Pt(111) | water interface with solvated proton

As the price of electricity from photovoltaics and wind turbines continues to plummet, the prospects of using electrocatalysis to produce fuels and chemicals in a sustainable way become increasingly viable. Current state-of-the-art electrocatalysts are not yet efficient enough to make such catalytic processes economically feasible, thus the design of new electrocatalysts for energy transformation is a major challenge to science. To this end, a fundamental understanding of the atomic-scale processes that dictate reactivity is essential for progress toward a sustainable energy future.

Research in the Computational Electrochemistry Laboratory is led by Prof. Leanne D. Chen and focuses on using ab initio computational methods to model reactions occurring at the electrode-electrolyte double-layer—arguably the most important component in an electrochemical cell. Gaining atomic-scale insight at this interface would have immense impact on the rational design of fuel cells, batteries, and other energy transformation systems such as the electroreduction of carbon dioxide.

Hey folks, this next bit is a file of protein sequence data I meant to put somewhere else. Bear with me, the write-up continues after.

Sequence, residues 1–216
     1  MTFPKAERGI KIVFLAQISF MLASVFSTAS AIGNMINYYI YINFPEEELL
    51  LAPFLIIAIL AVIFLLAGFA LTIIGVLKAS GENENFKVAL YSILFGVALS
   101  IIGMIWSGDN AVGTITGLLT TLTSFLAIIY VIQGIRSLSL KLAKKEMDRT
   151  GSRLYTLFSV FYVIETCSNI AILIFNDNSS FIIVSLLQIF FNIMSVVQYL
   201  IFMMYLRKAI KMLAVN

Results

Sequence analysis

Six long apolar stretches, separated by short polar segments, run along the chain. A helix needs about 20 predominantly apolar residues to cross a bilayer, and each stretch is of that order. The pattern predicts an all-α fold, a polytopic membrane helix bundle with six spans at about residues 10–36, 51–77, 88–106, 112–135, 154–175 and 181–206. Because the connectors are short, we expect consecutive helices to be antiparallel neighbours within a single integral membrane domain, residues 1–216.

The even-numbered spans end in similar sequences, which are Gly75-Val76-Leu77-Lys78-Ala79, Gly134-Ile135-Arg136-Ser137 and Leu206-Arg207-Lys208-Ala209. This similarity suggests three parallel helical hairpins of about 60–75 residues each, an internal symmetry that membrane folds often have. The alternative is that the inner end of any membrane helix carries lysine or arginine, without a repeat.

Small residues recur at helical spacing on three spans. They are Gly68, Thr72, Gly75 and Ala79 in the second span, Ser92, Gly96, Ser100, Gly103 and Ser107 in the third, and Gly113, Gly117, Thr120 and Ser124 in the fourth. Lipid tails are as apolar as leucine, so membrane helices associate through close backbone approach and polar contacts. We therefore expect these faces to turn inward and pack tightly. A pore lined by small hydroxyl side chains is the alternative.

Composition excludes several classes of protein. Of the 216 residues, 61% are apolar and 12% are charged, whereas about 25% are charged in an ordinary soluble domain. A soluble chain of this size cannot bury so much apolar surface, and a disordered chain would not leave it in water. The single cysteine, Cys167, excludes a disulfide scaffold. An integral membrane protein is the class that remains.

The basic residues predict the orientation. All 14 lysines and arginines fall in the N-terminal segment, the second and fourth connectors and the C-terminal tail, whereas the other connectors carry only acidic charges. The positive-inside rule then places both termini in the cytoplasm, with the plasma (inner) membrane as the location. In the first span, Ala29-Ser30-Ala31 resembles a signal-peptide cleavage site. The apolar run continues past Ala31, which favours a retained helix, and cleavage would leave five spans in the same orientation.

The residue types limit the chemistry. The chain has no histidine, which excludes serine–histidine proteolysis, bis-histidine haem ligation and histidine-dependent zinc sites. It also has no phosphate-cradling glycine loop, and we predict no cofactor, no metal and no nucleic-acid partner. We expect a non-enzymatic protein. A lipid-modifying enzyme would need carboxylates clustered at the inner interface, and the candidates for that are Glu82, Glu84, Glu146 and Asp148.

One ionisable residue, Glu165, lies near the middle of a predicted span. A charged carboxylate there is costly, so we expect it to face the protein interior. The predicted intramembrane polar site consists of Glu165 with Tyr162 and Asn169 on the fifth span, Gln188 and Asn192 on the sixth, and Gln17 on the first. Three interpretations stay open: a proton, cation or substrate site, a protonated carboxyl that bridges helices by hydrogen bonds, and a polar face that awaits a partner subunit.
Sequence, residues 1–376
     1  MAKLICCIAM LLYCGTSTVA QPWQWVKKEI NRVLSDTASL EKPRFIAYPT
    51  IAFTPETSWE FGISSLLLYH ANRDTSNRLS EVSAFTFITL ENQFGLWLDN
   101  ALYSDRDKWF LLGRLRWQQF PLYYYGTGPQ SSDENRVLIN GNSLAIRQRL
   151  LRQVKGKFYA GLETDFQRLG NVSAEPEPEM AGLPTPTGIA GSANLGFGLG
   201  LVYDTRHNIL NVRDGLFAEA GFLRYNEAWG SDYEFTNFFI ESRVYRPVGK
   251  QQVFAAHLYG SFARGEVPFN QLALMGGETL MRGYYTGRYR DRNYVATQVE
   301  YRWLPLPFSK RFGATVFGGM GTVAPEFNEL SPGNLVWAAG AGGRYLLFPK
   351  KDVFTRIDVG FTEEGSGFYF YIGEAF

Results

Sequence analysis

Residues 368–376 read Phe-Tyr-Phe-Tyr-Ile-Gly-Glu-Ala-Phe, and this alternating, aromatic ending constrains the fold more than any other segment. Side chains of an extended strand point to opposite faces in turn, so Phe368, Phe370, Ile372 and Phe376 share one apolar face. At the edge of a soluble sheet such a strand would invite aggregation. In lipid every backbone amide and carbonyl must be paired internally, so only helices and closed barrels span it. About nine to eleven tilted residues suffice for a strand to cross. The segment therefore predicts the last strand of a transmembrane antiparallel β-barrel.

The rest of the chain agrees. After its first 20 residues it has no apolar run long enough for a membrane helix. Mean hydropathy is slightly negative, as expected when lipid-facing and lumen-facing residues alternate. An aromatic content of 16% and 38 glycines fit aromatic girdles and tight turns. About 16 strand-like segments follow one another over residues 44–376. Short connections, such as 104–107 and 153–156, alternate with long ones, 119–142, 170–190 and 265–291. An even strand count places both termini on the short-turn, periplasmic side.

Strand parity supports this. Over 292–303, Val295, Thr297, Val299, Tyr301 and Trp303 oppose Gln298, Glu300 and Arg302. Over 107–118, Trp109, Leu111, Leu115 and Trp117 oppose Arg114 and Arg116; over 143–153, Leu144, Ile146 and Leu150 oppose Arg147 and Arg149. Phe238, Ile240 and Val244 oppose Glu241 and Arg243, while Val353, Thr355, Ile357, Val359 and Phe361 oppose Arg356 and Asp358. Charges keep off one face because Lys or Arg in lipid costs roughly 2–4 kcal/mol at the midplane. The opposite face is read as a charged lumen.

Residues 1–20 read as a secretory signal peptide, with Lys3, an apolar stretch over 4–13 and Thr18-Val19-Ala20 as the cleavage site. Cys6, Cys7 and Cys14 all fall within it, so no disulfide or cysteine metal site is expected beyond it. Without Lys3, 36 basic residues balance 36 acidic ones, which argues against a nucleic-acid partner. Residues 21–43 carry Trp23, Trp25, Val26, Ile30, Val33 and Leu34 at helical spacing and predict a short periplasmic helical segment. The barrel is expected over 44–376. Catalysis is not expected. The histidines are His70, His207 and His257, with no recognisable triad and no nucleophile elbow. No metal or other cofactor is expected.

Research Keywords

Catalysis

Electrochemistry

Materials & Interfaces

Density Functional Theory

Molecular Dynamics

Microkinetic Modelling

Just Announced

New Paper

Our first manuscript in collaboration with the Tam Group has just been accepted for publication in ACS Omega!

CBGRC Award

Siobhan wins "Best Oral Presentation in Computational Chemistry" at the CBGRC. Well done, Siobhan!